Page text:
The Washington Post writes on why most people are so easily duped. It seems that instead of recruiting your general knowledge to answer a claim, you’ll turn to your intuition.

Cognitive psychologist, Eryn Newman, delved into the question of, How we come to believe that things are true when they are not?  In her research at UC Irvine , Newman and colleagues used photos to look at the powerful effect images have on our memories, beliefs and evaluations of others. Past research has shown that photographs can aid in a person’s comprehension and make it easier to learn new information.

However, cognitive psychology research shows that photos can also be misleading. Photographs are a moment from a real event, so we often view them as evidence that an event actually took place. Sometimes with just the notion that a photo is a representation of a real event, we are tricked into believing a claim even when it is not actually substantiated by the photograph.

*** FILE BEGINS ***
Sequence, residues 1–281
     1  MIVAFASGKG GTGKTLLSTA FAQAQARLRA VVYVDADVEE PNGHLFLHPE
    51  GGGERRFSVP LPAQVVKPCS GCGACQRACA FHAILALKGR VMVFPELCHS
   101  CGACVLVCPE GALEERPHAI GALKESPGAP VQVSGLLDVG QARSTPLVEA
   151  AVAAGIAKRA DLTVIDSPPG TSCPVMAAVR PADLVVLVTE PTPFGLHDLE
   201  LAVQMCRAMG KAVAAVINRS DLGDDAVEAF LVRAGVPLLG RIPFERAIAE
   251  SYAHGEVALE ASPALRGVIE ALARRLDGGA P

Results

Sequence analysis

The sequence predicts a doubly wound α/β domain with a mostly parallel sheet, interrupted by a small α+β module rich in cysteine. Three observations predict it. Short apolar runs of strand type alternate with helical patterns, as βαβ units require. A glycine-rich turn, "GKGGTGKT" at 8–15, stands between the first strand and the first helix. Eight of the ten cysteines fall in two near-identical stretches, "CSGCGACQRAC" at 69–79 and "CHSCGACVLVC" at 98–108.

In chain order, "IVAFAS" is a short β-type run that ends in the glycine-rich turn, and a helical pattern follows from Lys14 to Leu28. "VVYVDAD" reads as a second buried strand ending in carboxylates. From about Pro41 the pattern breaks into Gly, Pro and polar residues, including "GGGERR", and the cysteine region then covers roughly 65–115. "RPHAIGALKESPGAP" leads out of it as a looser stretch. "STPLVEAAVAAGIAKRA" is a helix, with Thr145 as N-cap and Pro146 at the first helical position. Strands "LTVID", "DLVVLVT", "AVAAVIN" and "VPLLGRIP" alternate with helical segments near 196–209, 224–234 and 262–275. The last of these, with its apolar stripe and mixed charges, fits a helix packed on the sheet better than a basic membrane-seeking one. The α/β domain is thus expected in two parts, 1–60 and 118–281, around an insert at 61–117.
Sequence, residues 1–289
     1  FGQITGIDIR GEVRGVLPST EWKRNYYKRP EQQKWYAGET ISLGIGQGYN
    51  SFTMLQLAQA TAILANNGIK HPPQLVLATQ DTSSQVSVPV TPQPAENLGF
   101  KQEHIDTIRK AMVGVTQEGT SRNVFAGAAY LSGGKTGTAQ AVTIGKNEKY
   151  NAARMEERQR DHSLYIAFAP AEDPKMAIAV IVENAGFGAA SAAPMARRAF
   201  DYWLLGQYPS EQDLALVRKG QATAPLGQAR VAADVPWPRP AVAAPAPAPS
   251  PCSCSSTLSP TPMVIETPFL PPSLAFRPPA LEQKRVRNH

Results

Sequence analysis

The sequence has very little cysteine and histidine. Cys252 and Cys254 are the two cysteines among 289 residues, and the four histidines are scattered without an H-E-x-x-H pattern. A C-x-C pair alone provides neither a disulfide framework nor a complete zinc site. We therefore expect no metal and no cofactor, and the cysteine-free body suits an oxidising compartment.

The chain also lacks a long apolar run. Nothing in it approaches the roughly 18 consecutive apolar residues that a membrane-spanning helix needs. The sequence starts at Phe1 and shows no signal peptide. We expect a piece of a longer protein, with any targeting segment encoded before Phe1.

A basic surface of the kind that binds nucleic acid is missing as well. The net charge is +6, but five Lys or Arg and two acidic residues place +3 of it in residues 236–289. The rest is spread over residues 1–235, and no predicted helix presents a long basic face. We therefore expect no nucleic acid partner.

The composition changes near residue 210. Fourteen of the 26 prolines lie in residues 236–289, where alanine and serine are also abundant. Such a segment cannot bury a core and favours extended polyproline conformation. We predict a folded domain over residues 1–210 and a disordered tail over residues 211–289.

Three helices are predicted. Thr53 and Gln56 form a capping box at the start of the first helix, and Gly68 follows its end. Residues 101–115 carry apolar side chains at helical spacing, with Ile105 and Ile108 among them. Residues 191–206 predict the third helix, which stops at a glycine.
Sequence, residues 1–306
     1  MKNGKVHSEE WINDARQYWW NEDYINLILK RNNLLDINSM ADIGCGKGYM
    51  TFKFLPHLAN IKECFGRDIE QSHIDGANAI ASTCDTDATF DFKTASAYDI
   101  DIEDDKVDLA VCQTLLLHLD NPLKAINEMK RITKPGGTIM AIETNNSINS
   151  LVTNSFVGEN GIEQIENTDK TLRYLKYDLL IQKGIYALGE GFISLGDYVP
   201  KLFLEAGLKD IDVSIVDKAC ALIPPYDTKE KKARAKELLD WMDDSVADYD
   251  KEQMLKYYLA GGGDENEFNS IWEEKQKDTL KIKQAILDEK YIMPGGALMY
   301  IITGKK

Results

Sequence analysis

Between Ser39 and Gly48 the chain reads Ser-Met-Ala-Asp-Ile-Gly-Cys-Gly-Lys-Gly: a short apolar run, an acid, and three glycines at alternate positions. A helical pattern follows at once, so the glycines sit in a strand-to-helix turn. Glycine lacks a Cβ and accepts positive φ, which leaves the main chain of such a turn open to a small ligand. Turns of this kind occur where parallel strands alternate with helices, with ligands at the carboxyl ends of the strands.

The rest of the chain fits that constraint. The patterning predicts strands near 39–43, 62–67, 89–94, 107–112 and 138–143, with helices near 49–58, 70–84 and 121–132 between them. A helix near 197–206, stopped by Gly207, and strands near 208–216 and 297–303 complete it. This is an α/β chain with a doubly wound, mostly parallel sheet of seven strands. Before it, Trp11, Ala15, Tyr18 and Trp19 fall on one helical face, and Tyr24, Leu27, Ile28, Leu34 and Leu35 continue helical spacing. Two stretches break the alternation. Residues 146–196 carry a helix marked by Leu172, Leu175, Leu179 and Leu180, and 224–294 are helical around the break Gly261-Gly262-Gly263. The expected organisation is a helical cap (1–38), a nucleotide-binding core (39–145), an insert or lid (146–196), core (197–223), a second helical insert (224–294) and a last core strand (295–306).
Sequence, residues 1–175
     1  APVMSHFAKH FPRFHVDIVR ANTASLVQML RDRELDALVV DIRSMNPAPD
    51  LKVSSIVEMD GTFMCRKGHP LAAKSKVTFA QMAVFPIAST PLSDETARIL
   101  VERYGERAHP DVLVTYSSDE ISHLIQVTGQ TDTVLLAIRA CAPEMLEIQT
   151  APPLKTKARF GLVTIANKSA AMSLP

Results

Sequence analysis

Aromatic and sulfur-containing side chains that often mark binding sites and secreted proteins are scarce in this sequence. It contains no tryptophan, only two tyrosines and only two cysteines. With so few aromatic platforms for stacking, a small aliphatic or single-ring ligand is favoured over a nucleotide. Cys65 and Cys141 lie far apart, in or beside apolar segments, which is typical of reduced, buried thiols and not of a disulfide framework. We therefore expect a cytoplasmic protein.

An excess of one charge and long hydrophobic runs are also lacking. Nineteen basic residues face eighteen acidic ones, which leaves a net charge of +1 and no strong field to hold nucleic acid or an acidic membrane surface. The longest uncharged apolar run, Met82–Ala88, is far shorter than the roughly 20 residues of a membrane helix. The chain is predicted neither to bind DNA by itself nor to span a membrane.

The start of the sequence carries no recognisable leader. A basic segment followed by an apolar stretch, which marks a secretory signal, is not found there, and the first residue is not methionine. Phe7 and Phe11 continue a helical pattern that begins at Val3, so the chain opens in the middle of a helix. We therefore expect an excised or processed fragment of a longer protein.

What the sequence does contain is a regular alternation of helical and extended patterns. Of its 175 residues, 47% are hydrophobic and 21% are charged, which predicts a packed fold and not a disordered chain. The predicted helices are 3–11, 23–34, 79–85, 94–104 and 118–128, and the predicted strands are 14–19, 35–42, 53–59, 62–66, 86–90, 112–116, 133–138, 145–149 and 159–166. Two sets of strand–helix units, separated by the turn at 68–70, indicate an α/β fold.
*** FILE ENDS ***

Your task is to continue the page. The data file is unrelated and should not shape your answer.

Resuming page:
In a study by Elizabeth Loftus and others at UC Irvine, people who saw a doctored photo of President Obama shaking hands with the former Iranian president Mahmoud Ahmadinejad actually said they remembered the event happening — even though it was completely false. Photos can even trick us into remembering false events from our own childhood. People who saw a doctored childhood photo came to remember a false event (riding in a hot air balloon) with the same detail and emotion that you would expect from a real memory.

This feeling of familiarity could influence us in a variety of contexts. In the courtroom, an easy name might make a witness or expert seem more credible. In the workforce, an easy name might help an individual’s résumé float to the top of a stack. And in the news, a photo — even one that is only loosely related — might make a story seem more credible.

How can we avoid being taken in by a false sense of truthiness? Cognitive psychology research has shown that people are often unaware of their biases or how information influences their judgments. But simply being warned about the influence of names and photos might just make us a little more cautious — leading us to look for truth that comes from books, and not the gut.

 To Learn more information on these topics and how the pronunciation of our words also influences are beliefs, Read the Entire Article.

The Science of Emotions

Given their inherent subjective nature, emotions have long been a nearly impenetrable topic for scientific research. Affective neuroscientist Jaak Panksepp explains a modern approach to emotions, and how taking the emotions of other animals seriously might soon improve the lives of millions.